Getting Settled

Hello, Friends and Family!

I have finally arrived in my home for the next several months, in a town called Las Norias de Daza, which is in the greater area called El Ejido, which itself belongs to Almeria. I haven't yet figured out what the divisions are called, but they roughly work out to municipality, county, and province/state for English speakers. The picture above is from my trip here, on the bus. I could see that from my window, and in the opposite direction the Mediterranean Sea.

Thanks to Google Maps, we can see where I am in Spain:

I’m living with one other sister, near to the center, called Bantaba, where we have classes for migrants. We have a larger community of five, but we don’t all fit in the same house! So we share meals and prayer, along with daily mass and ministry, but we sleep in two different houses. I wouldn’t say it’s ideal, but it’s working so far (it hasn’t even been a week! But I trust it will keep working!).

I have been asked to take on someone else’s Spanish class while she has some time off, and we are working on building vocabulary. This week, it’s about the rooms of the house and the different things in them.

I’ve also been given my very own class on computers. It starts Thursday—and I’m looking forward to it. I have no idea what it will be like, I’ve been told that it’s in high demand (which makes sense) and that I will have to start at the very beginning. So, day one will be vocabulary about the computer itself and the different pieces. We have seven desktops for students to use. Day One will continue with “how to turn the computer on” and “how to use the mouse.” Also, the “mouse” is called a “ratón,” which is the Spanish word for “mouse.” :D The good news is that I will be able to learn the words for the different things along with my students. (Also, if you google “games to learn how to use a mouse” you get some results! Who knew!)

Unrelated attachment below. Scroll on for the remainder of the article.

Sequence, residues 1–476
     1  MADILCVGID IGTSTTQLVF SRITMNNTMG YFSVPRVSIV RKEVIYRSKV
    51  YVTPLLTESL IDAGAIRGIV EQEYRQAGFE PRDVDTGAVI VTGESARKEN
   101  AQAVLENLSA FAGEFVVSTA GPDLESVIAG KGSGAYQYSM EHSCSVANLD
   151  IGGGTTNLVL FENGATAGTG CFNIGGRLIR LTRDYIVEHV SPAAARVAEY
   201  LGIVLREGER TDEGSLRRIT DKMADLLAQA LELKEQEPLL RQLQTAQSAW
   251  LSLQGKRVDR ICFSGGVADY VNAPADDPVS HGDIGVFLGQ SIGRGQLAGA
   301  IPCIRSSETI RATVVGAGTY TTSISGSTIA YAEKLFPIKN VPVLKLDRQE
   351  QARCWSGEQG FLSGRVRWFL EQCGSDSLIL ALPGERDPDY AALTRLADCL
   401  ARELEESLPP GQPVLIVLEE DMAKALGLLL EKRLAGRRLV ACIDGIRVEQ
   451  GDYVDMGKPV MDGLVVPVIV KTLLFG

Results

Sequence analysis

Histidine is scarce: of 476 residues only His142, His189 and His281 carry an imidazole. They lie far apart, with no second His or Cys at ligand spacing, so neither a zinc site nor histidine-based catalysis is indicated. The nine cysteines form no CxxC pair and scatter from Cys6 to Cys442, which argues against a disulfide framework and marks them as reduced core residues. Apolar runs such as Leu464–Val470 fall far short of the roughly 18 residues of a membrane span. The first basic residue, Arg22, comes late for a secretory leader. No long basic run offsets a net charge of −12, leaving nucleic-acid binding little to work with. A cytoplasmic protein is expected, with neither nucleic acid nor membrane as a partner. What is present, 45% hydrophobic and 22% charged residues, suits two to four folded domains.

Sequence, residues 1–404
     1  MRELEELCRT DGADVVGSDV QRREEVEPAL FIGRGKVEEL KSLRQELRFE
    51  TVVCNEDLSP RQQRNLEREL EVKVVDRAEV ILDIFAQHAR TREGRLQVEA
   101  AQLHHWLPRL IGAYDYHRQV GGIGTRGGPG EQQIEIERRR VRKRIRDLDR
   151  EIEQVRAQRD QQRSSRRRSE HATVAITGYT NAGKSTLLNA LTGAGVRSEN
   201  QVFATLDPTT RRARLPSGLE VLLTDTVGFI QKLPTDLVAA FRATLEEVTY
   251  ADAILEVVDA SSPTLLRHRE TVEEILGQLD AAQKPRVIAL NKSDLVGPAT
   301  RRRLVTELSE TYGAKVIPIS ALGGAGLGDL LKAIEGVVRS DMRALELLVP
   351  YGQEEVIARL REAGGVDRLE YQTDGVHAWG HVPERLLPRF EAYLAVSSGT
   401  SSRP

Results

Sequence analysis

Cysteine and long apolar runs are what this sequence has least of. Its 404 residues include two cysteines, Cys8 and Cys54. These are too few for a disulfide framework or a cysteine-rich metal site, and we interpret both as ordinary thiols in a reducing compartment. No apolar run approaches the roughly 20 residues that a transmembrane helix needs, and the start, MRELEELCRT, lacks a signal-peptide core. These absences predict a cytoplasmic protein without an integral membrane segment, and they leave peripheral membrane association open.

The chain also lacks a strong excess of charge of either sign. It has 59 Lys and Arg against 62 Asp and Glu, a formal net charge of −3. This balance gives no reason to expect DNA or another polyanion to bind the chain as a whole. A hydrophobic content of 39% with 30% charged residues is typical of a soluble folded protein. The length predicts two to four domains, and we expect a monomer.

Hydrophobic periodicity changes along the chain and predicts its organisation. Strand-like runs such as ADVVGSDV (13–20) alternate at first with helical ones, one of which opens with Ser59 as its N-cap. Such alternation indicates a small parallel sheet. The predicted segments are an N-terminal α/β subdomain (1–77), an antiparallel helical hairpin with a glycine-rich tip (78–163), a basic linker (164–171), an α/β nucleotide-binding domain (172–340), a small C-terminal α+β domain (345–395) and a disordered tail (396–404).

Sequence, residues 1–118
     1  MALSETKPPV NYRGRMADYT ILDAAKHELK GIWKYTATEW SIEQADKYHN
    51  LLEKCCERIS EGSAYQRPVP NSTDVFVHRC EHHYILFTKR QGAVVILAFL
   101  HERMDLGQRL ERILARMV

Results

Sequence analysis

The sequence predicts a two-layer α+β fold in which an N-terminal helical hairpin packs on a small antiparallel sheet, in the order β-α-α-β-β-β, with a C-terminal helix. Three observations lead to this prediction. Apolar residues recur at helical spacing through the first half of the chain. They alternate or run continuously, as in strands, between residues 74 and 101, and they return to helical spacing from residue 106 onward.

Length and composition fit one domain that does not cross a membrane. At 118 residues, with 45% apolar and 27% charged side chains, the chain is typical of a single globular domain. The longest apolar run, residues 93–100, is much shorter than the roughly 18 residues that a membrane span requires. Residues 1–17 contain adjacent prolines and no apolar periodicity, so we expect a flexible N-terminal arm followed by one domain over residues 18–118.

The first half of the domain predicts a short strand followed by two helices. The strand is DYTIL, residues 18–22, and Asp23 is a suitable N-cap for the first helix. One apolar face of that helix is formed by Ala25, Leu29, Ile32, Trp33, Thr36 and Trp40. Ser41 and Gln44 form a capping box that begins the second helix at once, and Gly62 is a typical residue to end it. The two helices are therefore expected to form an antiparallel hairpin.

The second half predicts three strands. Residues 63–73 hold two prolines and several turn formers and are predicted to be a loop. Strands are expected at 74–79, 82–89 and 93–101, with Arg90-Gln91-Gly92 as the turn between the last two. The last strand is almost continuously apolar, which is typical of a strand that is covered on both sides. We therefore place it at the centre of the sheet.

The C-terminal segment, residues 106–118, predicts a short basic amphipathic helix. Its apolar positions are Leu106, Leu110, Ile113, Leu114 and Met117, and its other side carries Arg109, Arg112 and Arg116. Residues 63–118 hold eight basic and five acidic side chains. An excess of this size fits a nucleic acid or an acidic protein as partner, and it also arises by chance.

A word about our students. All are immigrants from Africa, coming from Morocco or other parts further south. It seems the majority are from Morocco. They have different levels of education, ranging from none at all to a little bit. Some apparently speak French, and if they do and are literate, they know our alphabet. Others know how to write Arabic, and others have never written at all. I can imagine this makes teaching a bit complicated. Fortunately the classes are pretty small, and the students are very motivated.

I posted the article about the work migrants do here. Mostly it’s “intense agriculture,” where fruits and vegetables are grown in greenhouses. They can be seen in the satellite images of the area: all the white spots are greenhouses. 

I have a hard time imagining what this has done to the land here. Apparently, there are some man-made lakes of the water that emerges from the land as it is used this way, salt water that seeps out from the sea. I’ve been told also that there are different birds that have made this area their home because of the way things have been changing. I’m sure there are other things being affected that have not been considered.

I don’t know how to evaluate these environmental changes. We are in a world that is highly populated, and this area brings much-needed vegetables to the countries of Europe. It is a very profitable business, which brings money to a region that was previously very poor. It also brings work to migrants who have no other resources and few skills. To my eyes so far, and with the information that I have from others, it seems to be a good system, though of course there are people who take advantage of people who are in vulnerable situations.

That’s it for today. Blessings to each one!


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